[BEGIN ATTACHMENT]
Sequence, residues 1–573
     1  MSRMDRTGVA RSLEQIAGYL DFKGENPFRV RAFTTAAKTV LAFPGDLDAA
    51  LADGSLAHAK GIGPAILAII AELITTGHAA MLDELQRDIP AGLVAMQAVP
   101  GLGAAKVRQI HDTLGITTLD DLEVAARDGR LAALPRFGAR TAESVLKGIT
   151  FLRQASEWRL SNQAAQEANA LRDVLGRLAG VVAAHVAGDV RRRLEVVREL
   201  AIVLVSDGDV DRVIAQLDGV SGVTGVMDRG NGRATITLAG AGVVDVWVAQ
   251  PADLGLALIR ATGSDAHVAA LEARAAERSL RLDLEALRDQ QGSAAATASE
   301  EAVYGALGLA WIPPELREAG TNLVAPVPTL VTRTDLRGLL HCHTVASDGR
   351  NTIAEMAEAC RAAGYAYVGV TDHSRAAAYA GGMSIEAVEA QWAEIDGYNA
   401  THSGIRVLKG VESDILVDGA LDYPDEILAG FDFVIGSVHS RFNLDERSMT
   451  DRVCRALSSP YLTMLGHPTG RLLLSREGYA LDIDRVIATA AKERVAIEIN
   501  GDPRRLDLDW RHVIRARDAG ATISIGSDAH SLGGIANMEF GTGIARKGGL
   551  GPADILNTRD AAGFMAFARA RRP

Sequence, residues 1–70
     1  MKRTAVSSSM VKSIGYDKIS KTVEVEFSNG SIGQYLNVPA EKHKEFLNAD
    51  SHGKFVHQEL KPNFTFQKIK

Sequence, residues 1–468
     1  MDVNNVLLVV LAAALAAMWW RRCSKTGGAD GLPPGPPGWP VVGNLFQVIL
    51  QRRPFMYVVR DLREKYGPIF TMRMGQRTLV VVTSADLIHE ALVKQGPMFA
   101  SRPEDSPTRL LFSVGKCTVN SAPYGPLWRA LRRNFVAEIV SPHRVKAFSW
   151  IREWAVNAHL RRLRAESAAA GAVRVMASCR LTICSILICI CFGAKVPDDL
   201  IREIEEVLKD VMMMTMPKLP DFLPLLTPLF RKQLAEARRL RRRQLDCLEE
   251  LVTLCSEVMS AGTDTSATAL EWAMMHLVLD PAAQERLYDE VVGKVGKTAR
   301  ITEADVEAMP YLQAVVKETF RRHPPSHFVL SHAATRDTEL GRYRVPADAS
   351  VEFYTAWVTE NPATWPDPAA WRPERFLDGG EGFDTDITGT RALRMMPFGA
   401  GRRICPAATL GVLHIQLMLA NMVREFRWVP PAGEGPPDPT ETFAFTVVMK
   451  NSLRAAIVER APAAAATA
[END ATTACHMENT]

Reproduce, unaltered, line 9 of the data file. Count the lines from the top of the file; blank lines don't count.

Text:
   351  NTIAEMAEAC RAAGYAYVGV TDHSRAAAYA GGMSIEAVEA QWAEIDGYNA